Please describe your organization.
ClearSummit is an end-to-end mobile and web application shop that helps our clients take their ideas from concept to completion. We also work with enterprise companies to fill silos inside in their organization, such as rounding out their iOS or Android development teams.
What is your position?
I'm the lead engineer and creative director at ClearSummit.
Briefly describe the kind of customer that should or should not use Parse.
The ideal customer for Parse I think would be someone looking to build an MVP [minimal viable product] or prototype, trying to get something out there quickly. It is also probably good for somebody who is not fluent in back-end languages. A good fit for Parse would be a front-end iOS or Android programmer, who knows they need a server for their database, but aren't fluent in those languages, so they want an app with a built in back-end that can do that for them. Conversely, I'm a full-stack developer so for me not being able to control the server to the granularity and level that I want to is a major drawback for me. When I look at it at scale, Parse is going to cost much more than it would to just build this back-end yourself for any large-scale app and you don't have nearly the customization options.
Overall, I would say it's good for somebody who's looking for an MVP and doesn't know back-end languages. If you know back-end languages, you're probably going to have to pull it off Parse at some point, due to cost restrictions or just growing architecture and a desire to control more of your own architecture.
Have you had to interact with the Parse support teams or referenced their support resources?
With Parse, we haven't delved into their support as much. Much of what we've done is read their documentation and used back overflow and all the typical sources. There's definitely many people out there who use Parse. There's a lot of information you can get around it, and it's just a Google search away.
Could you briefly describe a past implementation of Parse?
We used Parse to build an MVP, and we thought that we were going to be able to undercut the amount of hours it would take to do the server back-end, set up a few API [application programming interface] endpoints, by using Parse, which would save our client a lot of money. It ended up being the converse of that. It took longer to use Parse, partially because it was our first project with Parse. There was a bit of a learning curve, but also because we needed to more than what Parse could handle.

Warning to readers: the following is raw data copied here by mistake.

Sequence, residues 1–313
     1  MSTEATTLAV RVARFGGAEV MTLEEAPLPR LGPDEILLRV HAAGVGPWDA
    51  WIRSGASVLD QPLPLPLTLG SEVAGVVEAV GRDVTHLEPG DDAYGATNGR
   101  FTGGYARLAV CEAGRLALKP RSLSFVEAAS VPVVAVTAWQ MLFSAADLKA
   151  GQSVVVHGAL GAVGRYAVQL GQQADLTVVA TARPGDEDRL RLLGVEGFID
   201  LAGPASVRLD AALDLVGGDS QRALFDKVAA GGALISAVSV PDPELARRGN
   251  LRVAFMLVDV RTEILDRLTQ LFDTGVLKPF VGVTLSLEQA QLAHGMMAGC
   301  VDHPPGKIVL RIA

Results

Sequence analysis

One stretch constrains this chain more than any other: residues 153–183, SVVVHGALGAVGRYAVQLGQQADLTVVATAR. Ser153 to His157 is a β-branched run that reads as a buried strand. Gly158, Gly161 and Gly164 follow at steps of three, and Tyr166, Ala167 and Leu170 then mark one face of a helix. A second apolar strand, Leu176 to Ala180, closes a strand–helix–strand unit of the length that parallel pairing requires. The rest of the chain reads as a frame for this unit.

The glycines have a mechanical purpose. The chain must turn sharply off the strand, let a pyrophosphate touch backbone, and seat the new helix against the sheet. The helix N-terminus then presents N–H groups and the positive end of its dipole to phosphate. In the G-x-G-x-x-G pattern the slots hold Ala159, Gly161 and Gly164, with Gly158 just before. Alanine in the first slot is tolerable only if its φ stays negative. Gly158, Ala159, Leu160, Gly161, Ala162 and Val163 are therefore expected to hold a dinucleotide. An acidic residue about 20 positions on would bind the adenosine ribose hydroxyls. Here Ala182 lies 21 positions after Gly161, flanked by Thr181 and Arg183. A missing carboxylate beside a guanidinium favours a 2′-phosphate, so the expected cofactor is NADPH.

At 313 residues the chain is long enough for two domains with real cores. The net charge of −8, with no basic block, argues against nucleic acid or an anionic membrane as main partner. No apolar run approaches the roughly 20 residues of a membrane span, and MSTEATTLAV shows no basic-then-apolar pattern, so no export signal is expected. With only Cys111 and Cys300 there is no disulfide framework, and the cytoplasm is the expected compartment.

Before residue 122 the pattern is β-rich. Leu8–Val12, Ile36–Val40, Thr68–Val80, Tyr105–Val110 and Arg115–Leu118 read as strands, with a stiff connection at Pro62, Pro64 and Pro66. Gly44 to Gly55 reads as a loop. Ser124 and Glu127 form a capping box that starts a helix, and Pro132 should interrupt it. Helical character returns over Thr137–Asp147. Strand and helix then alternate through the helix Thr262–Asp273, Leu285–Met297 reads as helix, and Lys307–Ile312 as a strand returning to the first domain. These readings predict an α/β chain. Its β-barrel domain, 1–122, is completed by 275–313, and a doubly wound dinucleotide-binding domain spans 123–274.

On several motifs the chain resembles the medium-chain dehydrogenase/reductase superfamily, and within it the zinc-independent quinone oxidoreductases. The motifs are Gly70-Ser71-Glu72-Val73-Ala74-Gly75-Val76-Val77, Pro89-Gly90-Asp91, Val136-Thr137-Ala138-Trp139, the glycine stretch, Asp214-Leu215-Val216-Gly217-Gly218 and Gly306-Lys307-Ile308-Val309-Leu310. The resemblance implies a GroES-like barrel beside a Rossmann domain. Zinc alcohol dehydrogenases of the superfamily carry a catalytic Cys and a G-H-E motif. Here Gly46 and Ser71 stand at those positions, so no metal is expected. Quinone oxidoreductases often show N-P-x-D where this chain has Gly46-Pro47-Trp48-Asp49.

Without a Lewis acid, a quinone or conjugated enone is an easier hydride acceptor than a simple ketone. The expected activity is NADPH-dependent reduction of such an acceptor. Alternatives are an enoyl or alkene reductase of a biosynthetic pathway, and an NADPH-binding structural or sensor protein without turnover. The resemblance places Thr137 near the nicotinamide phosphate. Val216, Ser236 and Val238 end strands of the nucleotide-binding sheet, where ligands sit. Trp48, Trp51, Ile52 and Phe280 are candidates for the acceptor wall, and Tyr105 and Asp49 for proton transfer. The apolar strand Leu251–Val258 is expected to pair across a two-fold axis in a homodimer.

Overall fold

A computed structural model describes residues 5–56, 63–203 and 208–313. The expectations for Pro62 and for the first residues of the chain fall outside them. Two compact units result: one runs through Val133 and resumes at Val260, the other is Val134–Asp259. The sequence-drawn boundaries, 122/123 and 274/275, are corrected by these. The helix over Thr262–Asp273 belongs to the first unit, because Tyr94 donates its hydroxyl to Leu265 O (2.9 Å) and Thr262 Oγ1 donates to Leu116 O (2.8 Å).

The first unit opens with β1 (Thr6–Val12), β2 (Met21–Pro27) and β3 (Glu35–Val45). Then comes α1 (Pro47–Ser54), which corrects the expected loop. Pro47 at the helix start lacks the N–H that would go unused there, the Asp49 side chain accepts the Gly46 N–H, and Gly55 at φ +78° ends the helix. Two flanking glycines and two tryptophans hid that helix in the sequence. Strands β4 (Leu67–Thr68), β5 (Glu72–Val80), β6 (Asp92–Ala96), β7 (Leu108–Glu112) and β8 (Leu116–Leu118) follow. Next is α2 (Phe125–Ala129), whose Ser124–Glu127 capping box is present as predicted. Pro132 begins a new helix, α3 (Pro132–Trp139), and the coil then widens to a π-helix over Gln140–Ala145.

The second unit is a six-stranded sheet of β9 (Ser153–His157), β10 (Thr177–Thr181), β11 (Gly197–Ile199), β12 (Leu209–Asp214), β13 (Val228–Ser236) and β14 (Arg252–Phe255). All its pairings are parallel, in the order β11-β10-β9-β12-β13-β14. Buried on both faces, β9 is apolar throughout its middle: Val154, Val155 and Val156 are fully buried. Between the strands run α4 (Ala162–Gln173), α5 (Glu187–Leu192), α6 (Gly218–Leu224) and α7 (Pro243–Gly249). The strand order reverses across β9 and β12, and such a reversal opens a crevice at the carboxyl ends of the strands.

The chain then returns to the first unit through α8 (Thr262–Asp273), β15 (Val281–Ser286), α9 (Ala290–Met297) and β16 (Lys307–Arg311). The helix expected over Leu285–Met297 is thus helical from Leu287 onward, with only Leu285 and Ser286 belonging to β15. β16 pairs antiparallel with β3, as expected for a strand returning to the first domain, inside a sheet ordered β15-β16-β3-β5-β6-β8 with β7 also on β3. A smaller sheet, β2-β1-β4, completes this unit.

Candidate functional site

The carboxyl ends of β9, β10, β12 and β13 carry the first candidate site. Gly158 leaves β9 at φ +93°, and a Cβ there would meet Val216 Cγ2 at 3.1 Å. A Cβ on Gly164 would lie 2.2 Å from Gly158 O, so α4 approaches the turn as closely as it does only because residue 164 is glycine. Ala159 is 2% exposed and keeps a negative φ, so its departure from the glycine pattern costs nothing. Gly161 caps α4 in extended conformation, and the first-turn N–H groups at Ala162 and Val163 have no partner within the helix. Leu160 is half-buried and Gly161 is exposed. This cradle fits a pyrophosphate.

One successful implementation of Parse, was an MVP where we needed the app to be able to broadcast messages to the entire user base. It was incredibly easy to build and gave the client a great idea of how the app could function.
What are some of the best features of the Parse platform that really impressed you?
As a platform, I'm impressed from an engineering perspective with what they were able to build. It makes back-end programming much more accessible to people who maybe are only familiar with front-end mobile programming, so it opens up a whole other world to these programmers who would just be isolated otherwise. It gives them much more reach.
Are there any areas of the platform upon which you feel Parse could add to or improved upon?
My main problem with Parse is that there's a certain level of domain knowledge that comes with it. It's not simple to just add it in and go, which is the goal for these types of platforms. There are nuances in Parse, and there's definitely a pretty hefty documentation set, but I suppose that just comes with the territory with what they're trying to accomplish.
Could you give some overall recommendations for customers or developers who are considering developing on a cross platform?
If you build a cross-platform app, inevitably at some point if your company grows and scales, you will probably be taking it native on iOS and Android. You can look at Facebook, and you can look at LinkedIn. They all try to do some sort of hybrid approach, and they ended up going native at the end. Instagram does this mix between native and some web use.
We have five additional questions. For each of these, we ask that you rate the platforms on a scale of one to five, with five being the best score. What would you give Parse for functionality of the features available?
Three and a half.
What would you give Parse for ease of use or ease of implementation into your business?
Three and a half.
For support, as in responsiveness of the team or helpfulness of the resources available?
For overall satisfaction with the platform?
Three and a half.
How likely are you to recommend Parse to a colleague or similar business?
Two and a half.